MRI images: More efficient, quieter and faster
Magnetic resonance imaging has become an indispensable tool for medical diagnostics. Using metamaterials—printed circuit boards whose properties can be systematically adjusted—can increase measurement sensitivity by a factor of five. Metamaterials can also make scans faster and quieter. Researchers at the Fraunhofer Institutes for Digital Medicine MEVIS and for High Frequency Physics and Radar Techniques FHR are working together to make examinations more pleasant for patients.
Magnetic resonance imaging—MRI for short—lets doctors image and examine the brain, spinal cord, internal organs, muscles and joints layer by layer. This technology exploits the fact that certain nuclei in the body can be very slightly magnetized. It can even depict organ movements, such as the beating of the heart. But as impressive and revealing as this imaging may be, for patients, the procedure is often unpleasant—after all, it is loud in the bore.
Up to five times better measurement sensitivity
Getting an MRI could soon become more pleasant for patients. Teams of researchers from the Fraunhofer Institutes MEVIS and FHR working on a Fraunhofer project succeeded in boosting the sensitivity of MRI machines under certain circumstances many times over. “If the MRI works with high-frequency coils that are placed on the patient’s body, depending on the question, we can improve the dynamics by up to 20 percent,” says Dr. Thomas Bertuch, the team leader at Fraunhofer FHR. “If the coils installed in the MRI machine are used, the measured signal can even be increased fivefold.” For doctors, this means that the structures on the MRI images can be discerned in far greater detail.
The research teams achieved this great increase in sensitivity with special metamaterial disks that are designed to be laid on the part of the body to be examined during an MRI scan. “These metamaterials are not materials in the traditional sense, but circuit boards populated with special structures and tracks that make it possible to design materials with effective properties—including materials that do not occur in nature,” says Bertuch.
While the electromagnetic field used to excite the atoms in the body needs to be quite strong, the signal these atoms send back—the basis for the MRI measurement—is extremely weak. If the metamaterial tracks are designed with this in mind, they can optimally concentrate the receive fields to increase measurement sensitivity.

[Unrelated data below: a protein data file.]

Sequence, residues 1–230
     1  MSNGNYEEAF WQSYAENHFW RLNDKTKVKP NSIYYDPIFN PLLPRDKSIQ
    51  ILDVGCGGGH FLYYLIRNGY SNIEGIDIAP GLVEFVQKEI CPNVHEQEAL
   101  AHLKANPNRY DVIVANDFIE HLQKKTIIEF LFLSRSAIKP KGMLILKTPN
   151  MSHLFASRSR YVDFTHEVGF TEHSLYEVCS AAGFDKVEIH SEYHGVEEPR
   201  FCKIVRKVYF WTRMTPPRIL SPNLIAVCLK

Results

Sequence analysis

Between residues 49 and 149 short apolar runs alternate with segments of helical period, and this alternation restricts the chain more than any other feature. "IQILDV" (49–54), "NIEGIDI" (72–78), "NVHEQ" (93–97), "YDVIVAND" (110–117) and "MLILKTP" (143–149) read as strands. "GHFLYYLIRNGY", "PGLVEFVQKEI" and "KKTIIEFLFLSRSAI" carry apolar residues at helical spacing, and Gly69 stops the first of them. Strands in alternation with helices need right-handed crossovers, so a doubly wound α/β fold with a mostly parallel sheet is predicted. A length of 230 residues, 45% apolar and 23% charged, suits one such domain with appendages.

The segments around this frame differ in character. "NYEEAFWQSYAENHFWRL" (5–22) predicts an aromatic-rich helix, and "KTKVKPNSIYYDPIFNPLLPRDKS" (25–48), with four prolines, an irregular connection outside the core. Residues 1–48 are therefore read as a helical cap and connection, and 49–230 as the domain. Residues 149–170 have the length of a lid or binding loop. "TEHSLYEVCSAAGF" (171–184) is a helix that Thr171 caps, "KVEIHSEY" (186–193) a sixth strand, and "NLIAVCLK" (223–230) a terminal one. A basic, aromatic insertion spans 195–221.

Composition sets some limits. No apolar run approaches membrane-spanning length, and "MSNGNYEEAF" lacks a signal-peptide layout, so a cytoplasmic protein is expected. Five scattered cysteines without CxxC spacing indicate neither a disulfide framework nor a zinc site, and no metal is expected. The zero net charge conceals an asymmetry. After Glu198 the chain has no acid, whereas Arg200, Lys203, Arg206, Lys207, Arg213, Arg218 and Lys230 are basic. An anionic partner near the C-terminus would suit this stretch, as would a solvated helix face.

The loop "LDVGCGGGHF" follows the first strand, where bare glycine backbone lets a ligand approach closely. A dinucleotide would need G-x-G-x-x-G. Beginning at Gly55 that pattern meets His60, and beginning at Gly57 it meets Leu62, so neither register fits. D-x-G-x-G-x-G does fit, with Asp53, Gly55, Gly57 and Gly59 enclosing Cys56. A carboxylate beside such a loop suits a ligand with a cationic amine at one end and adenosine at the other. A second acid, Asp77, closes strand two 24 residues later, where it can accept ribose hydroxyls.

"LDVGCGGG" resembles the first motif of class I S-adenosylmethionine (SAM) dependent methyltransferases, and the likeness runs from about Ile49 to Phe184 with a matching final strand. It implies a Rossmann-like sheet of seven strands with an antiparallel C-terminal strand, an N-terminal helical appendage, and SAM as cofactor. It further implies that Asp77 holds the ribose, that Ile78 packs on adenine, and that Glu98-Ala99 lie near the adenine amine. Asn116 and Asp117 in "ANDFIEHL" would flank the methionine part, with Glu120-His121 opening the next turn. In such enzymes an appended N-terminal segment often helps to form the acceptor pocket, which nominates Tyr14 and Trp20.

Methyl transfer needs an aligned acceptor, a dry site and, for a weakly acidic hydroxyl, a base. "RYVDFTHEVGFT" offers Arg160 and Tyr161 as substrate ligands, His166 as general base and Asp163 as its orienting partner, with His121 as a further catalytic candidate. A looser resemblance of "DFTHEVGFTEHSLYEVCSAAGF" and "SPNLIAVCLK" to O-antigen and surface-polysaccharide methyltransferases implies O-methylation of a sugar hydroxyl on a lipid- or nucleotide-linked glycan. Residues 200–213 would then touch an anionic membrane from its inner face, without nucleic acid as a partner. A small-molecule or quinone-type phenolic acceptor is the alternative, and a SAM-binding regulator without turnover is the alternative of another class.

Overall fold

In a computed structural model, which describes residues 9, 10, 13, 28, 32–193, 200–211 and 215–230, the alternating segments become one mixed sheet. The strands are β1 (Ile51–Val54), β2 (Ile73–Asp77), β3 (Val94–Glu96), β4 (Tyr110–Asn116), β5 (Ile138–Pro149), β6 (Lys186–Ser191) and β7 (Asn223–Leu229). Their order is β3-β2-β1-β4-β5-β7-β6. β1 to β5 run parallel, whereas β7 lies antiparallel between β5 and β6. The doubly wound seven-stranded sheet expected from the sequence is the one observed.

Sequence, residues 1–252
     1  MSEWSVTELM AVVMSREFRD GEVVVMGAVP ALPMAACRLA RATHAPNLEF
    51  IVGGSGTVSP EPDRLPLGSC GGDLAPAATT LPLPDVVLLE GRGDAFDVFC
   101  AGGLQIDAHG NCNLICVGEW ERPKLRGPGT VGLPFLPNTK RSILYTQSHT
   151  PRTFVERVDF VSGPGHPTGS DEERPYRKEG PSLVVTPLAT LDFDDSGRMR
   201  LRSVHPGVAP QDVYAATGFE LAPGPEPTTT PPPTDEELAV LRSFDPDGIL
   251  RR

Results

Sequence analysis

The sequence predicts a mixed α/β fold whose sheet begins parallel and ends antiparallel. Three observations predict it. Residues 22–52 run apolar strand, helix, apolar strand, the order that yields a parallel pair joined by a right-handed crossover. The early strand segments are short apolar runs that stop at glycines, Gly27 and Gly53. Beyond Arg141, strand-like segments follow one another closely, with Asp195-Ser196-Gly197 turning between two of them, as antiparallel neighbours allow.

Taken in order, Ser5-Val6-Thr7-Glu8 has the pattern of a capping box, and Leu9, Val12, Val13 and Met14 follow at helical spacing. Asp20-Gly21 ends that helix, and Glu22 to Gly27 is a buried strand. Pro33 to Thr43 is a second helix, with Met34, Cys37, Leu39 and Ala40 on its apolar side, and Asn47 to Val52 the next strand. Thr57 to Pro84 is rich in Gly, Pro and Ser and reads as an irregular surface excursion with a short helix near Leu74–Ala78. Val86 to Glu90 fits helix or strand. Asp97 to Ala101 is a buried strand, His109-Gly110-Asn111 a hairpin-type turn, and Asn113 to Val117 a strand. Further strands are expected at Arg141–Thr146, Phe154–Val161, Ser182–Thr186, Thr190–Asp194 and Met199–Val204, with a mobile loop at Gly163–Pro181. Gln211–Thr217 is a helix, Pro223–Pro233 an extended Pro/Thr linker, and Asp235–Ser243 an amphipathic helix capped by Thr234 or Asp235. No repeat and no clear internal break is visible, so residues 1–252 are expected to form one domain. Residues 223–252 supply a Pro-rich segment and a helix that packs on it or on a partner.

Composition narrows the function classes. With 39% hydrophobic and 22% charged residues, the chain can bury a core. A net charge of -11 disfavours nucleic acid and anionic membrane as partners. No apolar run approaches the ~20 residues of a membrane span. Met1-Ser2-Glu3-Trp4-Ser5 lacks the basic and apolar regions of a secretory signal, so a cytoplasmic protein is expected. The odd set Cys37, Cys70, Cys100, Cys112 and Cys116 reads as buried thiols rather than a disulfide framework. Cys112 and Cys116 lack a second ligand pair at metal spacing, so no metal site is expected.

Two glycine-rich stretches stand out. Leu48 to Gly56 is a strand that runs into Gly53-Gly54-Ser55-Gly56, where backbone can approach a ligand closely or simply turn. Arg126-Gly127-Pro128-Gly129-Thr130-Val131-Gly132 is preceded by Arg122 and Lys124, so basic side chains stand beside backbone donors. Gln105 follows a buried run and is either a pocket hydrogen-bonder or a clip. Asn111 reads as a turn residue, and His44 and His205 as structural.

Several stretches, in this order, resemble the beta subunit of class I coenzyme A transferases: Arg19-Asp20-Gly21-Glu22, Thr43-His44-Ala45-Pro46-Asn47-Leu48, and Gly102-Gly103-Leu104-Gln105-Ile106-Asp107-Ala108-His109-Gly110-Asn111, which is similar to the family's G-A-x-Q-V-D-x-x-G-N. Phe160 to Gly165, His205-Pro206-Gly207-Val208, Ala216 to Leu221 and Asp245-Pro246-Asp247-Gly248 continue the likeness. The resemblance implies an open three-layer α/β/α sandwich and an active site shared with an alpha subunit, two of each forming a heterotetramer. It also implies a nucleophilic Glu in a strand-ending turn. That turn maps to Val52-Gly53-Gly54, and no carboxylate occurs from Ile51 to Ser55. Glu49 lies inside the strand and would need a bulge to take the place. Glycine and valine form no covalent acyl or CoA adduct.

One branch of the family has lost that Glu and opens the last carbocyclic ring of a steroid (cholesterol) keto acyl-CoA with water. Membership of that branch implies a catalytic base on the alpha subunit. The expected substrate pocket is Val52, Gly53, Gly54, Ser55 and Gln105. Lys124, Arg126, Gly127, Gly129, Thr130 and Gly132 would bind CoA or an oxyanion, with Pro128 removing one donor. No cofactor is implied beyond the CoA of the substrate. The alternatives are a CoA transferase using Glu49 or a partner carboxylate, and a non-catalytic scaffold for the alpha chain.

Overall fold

One challenge the researchers faced here was that the reflected signals have the same wavelength and frequency as the excitation signals. Since the excitation signal is already very strong, it is not desirable to boost it even more. To circumvent this obstacle, the researchers devised a trick: they integrate non-linear components, such as diodes, into the metamaterials. If the field is strong, these components detune the disk’s resonance frequency in such a way that no amplification occurs. If, in contrast, the field is weak, the signal receives the desired boost. The researchers have already measured a variety of metamaterial disks in the Fraunhofer MEVIS MRI machine and established their amplifying effect. Additional measuring equipment is available at these two Fraunhofer Institutes—including a measurement system that enables them to precisely evaluate the ambient magnetic field and how it changes as a result of the metamaterial disks.
Quieter and faster
Anyone who has ever lain in an MRI machine knows that it is not only the cramped space, but above all the loud noise that causes patients stress. Determining which part of the body is sending back which signal usually requires a magnetic field whose strength varies with position—the gradient field. Switchable coils dynamically overlay this field on the strong permanent magnetic field, and this causes the loud noise. “The loudest noise during measurement is usually produced when the images are recorded,” says Prof. Matthias Günther, deputy director at Fraunhofer MEVIS. “We are working on using metamaterials to completely eliminate this source of noise.”
To this end, researchers involved in the project use a metamaterial array system. The signals from the various body regions strike different “pixels” in the array system, so it also serves to localize the signals. The first prototype is due to be completed in spring 2021, with the researchers planning to improve it in later steps. However, examinations will not be completely silent: there is currently nothing that can be done about the noise generated when the magnetic field is switched to obtain special image information, such as blood flow or diffusion effects, but it can be made much quieter than the noise produced by the imaging.
And if additional magnetic field switching for imaging can be eliminated, the process also becomes much faster. “According to theoretical calculations, our technology should enable us to complete scans up to one thousand times faster. Only when the experiments have been done will we know just how fast that will be in practice,” says Günther. Patients would then be able to enjoy much faster and quieter examinations.